The individual engineering teams who track the acquired signals have very different needs in terms of visualization and data processing. Each monitoring station is, therefore, configured independently providing each department with only those signals relevant to their respective applications. Data is available in real time and a wide range of measurement displays are available to feed the right information to the right people at the right time. Data can be meticulously processed immediately or played back during or immediately after each test, so that each phase of testing can be analysed and evaluated before moving on to the next.
Open Rotor at the test bench, IstresSharing data when and where needed
Many parts of the test organization need access to data as and when it is recorded. The independent monitoring stations can be configured individually for the specific investigation, so partners and clients can be provided with full access to their own proprietary data. With many different people involved looking at very specific and different parts of the engine, it is of utmost importance that test engineers learn how to use the system quickly with a minimum of training. One of the test engineers concludes, “It was extremely easy to explain the use of the system in very short time to all different engineering departments and partners”. Data needs to be shared on-the-fly with off-site departments in specific formats. Study departments at Villaroche can access test data the same day. The same engineer adds, “The real-time conversion to datx format and the speed with which data is transferred to the engineering office is unbeatable”.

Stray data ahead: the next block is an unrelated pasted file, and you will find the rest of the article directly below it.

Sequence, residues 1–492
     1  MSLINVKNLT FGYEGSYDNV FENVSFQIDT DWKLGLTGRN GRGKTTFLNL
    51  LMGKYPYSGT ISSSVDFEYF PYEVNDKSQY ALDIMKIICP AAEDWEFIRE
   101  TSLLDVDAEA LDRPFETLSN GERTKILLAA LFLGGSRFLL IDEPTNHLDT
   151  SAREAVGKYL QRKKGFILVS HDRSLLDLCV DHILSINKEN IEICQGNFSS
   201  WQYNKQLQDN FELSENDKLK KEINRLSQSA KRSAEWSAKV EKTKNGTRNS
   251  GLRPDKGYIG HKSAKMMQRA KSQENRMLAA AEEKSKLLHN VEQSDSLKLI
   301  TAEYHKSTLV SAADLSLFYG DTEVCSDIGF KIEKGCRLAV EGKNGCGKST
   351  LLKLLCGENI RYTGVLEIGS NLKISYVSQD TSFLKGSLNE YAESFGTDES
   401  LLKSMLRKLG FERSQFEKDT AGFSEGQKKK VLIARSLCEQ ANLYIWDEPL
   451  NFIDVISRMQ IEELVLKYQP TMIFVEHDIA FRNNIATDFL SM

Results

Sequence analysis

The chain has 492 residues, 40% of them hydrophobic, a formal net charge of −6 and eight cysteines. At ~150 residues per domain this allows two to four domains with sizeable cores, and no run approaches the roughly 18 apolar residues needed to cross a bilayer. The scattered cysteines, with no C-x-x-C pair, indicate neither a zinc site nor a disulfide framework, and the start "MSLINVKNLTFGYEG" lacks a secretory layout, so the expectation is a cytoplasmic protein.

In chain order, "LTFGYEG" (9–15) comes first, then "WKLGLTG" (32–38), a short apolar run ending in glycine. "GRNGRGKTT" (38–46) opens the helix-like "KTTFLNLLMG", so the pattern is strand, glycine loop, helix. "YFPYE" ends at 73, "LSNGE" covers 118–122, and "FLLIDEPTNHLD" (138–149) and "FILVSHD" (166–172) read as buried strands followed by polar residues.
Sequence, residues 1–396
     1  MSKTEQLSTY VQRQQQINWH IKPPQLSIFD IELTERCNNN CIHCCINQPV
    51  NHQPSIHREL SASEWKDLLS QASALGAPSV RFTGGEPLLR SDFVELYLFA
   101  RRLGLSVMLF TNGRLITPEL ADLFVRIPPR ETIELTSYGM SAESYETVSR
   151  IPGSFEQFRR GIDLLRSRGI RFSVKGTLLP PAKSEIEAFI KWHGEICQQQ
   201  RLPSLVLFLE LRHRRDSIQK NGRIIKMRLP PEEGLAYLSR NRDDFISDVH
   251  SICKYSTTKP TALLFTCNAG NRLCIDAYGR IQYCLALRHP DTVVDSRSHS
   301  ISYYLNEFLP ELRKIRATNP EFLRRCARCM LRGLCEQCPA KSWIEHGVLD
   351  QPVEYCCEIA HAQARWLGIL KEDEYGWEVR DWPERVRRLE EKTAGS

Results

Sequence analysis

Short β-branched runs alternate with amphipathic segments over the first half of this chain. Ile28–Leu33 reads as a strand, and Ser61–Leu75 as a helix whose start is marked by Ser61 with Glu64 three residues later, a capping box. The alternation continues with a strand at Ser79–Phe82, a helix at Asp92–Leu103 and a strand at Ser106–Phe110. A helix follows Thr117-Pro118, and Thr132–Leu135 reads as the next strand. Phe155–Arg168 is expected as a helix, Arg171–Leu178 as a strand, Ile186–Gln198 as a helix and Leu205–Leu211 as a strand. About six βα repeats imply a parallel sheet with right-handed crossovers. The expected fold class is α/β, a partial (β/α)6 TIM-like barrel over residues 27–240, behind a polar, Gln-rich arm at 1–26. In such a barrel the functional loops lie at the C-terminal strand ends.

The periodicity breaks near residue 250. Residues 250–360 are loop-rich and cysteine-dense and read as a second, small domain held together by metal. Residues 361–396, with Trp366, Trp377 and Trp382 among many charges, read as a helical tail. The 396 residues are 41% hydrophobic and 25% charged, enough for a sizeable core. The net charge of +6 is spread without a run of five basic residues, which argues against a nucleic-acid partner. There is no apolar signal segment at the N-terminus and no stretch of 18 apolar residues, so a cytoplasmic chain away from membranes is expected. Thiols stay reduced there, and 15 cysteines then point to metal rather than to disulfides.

Following four days of testing on the open rotor, we asked an engineer returning from the site what he thought of the dynamic data acquisition system provided in Istres. His reply was encouraging, “I have nothing special to say; it did everything I wanted it to do. What else can I ask for?” A short pause and he adds, “I just wish that I could do the same real-time analysis from my office, because a lot of my time was spent on site waiting for the engine to rotate.”
For Safran Aircraft Engines, the overall results of this first phase of testing were promising. The next phase will bring new challenges, but each step of the programme represents a huge stride forward towards a greener, cleaner sky.
The value of COTS
The rapid availability, lower costs, and low risk of COTS (commercial off the shelf) products make them great alternatives to their custom-built equivalents. Safran Aircraft Engines test engineers agree, “Using both COTS hardware and software provided faster resolution of hardware issues, faster upgrades, reduced support costs, and opened up a wealth of standard analysis features for further investigations.”